Drought-parched lake has risen nearly 7 feet since Dec. 31

Monday, March 4, 2013 2:53 PM
Last updated 9:07 PM
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Thurmond Lake continues to recover, with water levels rising 3 feet since mid-February.

Thurmond Lake's 6.81-foot recovery since the beginning of the year has refloated previously beached docks, such as this one in Columbia County's Leah community. The reservoir, however, remains more than seven feet below full pool.  ROB PAVEY/STAFF
ROB PAVEY/STAFF
Thurmond Lake's 6.81-foot recovery since the beginning of the year has refloated previously beached docks, such as this one in Columbia County's Leah community. The reservoir, however, remains more than seven feet below full pool.

Monday’s pool level – 322.28 feet above sea level – reflects a 6.81-foot gain since Dec. 31, when the reservoir’s pool level was 315.45.

Also, the Army Corps of Engineers is releasing more water downstream, having increased flows from 3,100 to 4,000 cubic feet per second on Feb. 1.

The flows, computed as a weekly average, were increased based on seasonal rules in the corps’ Drought Management Plan.

Although the recovery is encouraging and has rendered many closed-down boat ramps usable again, the newest 10-week projections call for two more feet of elevation gain by late May, meaning the lake might not completely refill this summer without exceptional and unforeseen rainfall.

The water management program for Thurmond Lake and the Savannah River downstream is based on “authorized purposes,” including flood-risk management, navigation, hydropower, recreation, and fish and wildlife – in addition to providing drinking water and maintaining a river flow sufficient to assimilate treated industrial and municipal wastewater.

A full lake – with a pool of 330 feet above sea level – makes it possible to fulfill all those purposes.

As water levels fall and flows into the river are reduced, water supply and water quality rise to the top of the priority list.

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itsanotherday1
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itsanotherday1 03/04/13 - 06:03 pm
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"Also, the Army Corps of

"Also, the Army Corps of Engineers is releasing more water downstream, having increased flows from 3,100 to 4,000 cubic feet per second on Feb. 1."

This just drives me insane. Why not leave it at 3100 until the lake fills to its seasonal full point? Because the book says so? Government bureaucratic idiocy at its finest!!

Riverman1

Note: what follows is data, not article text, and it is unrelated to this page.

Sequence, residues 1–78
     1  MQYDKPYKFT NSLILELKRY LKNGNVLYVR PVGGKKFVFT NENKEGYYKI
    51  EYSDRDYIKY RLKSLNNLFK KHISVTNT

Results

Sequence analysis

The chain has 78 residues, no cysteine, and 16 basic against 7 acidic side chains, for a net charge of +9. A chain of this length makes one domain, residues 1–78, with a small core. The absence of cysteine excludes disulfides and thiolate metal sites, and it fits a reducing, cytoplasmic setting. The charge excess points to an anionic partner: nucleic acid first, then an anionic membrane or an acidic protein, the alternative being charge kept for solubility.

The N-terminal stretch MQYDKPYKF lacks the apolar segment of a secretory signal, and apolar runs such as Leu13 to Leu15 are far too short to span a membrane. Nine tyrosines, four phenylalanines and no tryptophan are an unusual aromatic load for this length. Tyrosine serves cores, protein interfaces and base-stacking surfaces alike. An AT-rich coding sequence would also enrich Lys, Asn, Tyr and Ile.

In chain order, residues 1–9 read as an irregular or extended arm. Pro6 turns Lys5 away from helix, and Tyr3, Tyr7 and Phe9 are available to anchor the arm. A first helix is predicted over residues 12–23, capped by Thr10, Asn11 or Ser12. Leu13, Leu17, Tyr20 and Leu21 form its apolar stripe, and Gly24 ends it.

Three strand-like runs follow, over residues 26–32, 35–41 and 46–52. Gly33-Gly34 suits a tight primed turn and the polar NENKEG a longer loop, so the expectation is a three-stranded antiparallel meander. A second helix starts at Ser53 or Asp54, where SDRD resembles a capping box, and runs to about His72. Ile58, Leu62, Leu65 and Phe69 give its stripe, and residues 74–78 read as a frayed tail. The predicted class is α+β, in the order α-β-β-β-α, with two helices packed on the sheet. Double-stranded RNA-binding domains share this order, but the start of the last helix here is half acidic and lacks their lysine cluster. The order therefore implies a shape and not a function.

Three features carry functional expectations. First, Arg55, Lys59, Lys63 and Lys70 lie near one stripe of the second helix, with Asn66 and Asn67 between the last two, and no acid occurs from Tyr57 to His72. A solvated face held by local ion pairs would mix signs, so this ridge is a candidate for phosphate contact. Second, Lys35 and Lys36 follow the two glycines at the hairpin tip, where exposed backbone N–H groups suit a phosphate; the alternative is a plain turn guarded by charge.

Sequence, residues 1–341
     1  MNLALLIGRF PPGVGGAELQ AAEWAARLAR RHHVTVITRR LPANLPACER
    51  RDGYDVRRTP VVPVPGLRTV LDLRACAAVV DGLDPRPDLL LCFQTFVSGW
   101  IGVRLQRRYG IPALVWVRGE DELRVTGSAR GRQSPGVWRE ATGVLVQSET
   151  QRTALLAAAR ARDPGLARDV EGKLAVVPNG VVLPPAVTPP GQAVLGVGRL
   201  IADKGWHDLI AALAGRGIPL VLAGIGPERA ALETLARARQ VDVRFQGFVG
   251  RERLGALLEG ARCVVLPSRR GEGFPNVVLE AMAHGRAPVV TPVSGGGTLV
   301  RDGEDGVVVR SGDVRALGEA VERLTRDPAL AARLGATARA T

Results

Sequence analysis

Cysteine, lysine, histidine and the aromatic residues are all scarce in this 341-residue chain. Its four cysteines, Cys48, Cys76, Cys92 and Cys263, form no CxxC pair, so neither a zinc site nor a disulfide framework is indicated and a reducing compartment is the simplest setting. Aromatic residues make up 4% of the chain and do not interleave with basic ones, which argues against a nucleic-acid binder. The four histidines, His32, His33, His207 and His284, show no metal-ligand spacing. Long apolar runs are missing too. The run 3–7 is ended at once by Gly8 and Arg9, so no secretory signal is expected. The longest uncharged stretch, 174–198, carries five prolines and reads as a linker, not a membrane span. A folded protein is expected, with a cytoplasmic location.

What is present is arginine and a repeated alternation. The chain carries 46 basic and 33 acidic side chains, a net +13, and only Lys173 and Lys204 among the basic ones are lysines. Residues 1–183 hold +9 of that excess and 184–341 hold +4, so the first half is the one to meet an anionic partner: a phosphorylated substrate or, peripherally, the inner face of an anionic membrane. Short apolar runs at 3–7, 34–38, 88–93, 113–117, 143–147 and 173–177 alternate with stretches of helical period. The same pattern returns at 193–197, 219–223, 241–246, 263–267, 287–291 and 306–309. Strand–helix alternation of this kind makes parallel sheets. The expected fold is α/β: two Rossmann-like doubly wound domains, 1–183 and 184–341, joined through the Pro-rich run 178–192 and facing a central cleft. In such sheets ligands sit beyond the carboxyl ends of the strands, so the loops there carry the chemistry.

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Riverman1 03/05/13 - 08:54 am
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The river is also dependent

The river is also dependent on periodic high levels to create the wet banks. The amount released has been studied in detail to keep the character of the water in the river adequate for downstream purposes and wildlife depending on the time of the year. That's why you can't simply lower the outflow from the lake without regards to downstream. Oxygen content is dependent on the water quanity and quality. Also, keep in mind, there is a difference in the average pool and full pool at the lake.

crackerjack
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crackerjack 03/05/13 - 08:55 am
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TreeHuggers

The Spring increase is caused by tree huggers in Savannah, whining about not enough water is being released for the spawning of the Atlantic Sturgeon.

itsanotherday1
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itsanotherday1 03/05/13 - 09:01 am
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Look at the plan. They

Look at the plan. They increased the flows BASED ON LAKE LEVEL.

Jane18
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Jane18 03/05/13 - 10:36 am
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Army Corps of Engineers.......

..............leave our lake alone! Do not tell us there has not been enough rain to help the Savannah River! We know the lake water only goes into the river for all those "homes on the river"! Leave the lake alone, and let us poor folks enjoy it!!!

dichotomy
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dichotomy 03/05/13 - 11:29 am
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I have always wondered why

I have always wondered why the Corps does not delay the increased releases until the river reaches average pool?

Starting increased releases at 322 is like driving a car across the desert until you are almost out of gas, finding a station, and only putting in 1/2 a tank before roaring off into the desert again. How stupid.

Sweet son
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Sweet son 03/05/13 - 01:24 pm
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Recreation, Drinking Water, Wastewater dilution and Industry

The Corps is trying to manage the water coming down the Savannah River basin from the North so they will always have to do a juggling act to try to please everyone. I would hate to have their job!

itsanotherday1
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itsanotherday1 03/05/13 - 11:34 pm
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Sweet son

I would hate to have their job too as a government entity, because they mindlessly follow a plan to the letter with no common sense.

To increase the flow out of the lake based on its level is totally ignoring the rainfall in the CSRA, which drains directly into the Savannah River, increasing flows downstream.

They don't manage a blasted thing; they punch buttons by recipe.

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